Title: Anti-reflux surgery after congenital diaphragmatic hernia repair: who needs surgery?
Authors: Verbelen, Tom ×
Lerut, Toni
Coosemans, Willy
De Leyn, Paul
Nafteux, Philippe
Van Raemdonck, Dirk
Deprest, Jan
Decaluwé, Herbert #
Issue Date: 2012
Conference: Belgian week of gastroenterology edition:24 location:Oostende, Belgium date:10 February 2012
Belgian surgical week edition:13 location:Spa, Belgium date:9-12 May 2012
ESTS European Congres on General Thoracic Surgery edition:20 location:Essen, Germany date:10-13 June 2012
Preventive anti-reflux surgery at the moment of congenital diaphragmatic hernia repair has been suggested by some authors, especially in subgroups with a liver herniated in the chest or patch requirement. We evaluated the incidence and associated factors of gastroesophageal reflux disease and the need for subsequent anti-reflux surgery in our congenital diaphragmatic hernia patients.
We retrospectively reviewed our congenital diaphragmatic hernia database. Demographics, prenatal assessment of severity, prenatal treatment, type of repair, intra-operative findings and incidences of gastroesophageal reflux and anti-reflux surgery were recorded.
Between July 1993 and November 2009, congenital diaphragmatic hernia repair was performed in 77 infants. Eight died after repair. Seven were lost to follow-up. The median follow-up was 4.0 (0.16-14.88) years. Fourteen out of these 62 patients were prenatally treated with fetoscopic endoluminal tracheal occlusion because of severe pulmonary hypoplasia. Post congenital diaphragmatic hernia repair gastroesophageal reflux disease was diagnosed in 31 patients. In all of them medical anti-reflux treatment was started. 13 patients (42%) needed anti-reflux surgery at a median age of 63.5 (37-264) days. One year after starting medical treatment, 14 patients (45%) were completely off anti-reflux medication. In congenital diaphragmatic hernia subgroups with patch repair, liver herniated in the chest or previous fetoscopic endoluminal tracheal occlusion, the incidences of gastroesophageal reflux and anti-reflux surgery were 61% and 32%, 73% and 38%, and 71% and 43%, respectively. Univariate analysis of associated potentially predisposing factors shows that patch repair, liver herniated in the chest, pulmonary hypertension, high frequency oscillatory ventilation and fetoscopic endoluminal tracheal occlusion are associated with subsequent anti-reflux surgery. On multivariable analysis liver herniated in the chest was the only independent predictor for both gastroesophageal reflux and anti-reflux surgery.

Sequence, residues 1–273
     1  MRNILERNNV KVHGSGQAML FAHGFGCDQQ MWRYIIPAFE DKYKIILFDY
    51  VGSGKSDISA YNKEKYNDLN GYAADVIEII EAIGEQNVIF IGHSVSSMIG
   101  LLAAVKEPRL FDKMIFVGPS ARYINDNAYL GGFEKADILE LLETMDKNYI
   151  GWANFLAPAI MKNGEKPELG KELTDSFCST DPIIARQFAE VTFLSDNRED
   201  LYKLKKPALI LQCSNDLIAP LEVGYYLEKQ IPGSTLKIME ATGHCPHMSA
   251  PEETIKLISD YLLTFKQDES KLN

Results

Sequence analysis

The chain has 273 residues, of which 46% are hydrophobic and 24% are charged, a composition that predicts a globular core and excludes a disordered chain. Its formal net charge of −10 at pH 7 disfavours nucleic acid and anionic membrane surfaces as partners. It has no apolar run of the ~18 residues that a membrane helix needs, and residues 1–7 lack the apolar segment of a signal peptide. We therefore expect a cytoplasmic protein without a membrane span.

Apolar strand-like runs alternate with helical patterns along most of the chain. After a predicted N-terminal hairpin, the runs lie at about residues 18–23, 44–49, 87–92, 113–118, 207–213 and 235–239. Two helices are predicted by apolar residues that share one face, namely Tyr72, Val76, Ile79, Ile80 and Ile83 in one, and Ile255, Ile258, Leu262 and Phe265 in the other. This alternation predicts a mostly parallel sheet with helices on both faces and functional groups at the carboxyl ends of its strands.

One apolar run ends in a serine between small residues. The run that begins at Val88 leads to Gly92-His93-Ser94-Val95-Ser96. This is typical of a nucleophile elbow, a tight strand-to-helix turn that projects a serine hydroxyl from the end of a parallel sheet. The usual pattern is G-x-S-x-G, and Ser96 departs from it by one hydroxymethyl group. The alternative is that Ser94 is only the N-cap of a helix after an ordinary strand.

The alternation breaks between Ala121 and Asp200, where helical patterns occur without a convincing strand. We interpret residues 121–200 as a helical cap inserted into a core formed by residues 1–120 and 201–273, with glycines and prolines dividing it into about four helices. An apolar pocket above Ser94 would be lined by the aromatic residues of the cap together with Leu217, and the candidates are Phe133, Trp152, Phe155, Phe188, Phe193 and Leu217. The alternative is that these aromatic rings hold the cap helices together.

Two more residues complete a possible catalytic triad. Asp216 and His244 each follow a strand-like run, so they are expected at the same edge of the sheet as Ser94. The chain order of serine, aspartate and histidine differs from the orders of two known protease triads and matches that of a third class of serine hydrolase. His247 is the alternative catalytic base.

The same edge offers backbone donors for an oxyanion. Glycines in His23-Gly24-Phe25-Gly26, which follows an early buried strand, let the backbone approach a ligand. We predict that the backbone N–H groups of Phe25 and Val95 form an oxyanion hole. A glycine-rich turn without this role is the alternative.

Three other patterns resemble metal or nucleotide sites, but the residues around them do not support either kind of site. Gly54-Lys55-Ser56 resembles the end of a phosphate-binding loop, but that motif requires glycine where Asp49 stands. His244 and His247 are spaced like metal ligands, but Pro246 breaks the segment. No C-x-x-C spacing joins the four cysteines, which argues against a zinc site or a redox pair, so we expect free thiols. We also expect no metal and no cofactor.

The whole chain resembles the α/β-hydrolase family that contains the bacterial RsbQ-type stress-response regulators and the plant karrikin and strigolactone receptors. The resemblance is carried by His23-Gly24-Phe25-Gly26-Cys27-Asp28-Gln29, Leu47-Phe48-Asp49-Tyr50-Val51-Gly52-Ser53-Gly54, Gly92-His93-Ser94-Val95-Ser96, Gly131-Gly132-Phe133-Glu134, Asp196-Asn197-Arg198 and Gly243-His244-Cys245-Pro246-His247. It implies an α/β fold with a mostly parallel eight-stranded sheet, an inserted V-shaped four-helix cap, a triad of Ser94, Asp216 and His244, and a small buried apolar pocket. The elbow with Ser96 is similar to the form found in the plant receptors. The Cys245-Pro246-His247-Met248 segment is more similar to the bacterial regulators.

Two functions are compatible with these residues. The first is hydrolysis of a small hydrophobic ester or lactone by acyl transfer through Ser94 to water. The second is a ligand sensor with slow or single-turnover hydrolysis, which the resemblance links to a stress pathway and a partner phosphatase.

Of all congenital diaphragmatic hernia patients, 50% developed gastroesophageal reflux and 21% required anti-reflux surgery. Routine anti-reflux surgery at the time of congenital diaphragmatic hernia repair seems not to be justified despite the higher likelihood of gastro-esophageal reflux and anti-reflux surgery in certain subgroups. Fetal endoluminal tracheal occlusion creates a new cohort of survivors with an increased risk for undergoing anti-reflux surgery. The surgical group in particular reflects a more complex gastroesophageal reflux physiopathology.
Publication status: published
KU Leuven publication type: IMa
Appears in Collections:Experimental Cardiac Surgery (-)
Thoracic Surgery
Pregnancy, Foetus and Newborn (-)
× corresponding author
# (joint) last author

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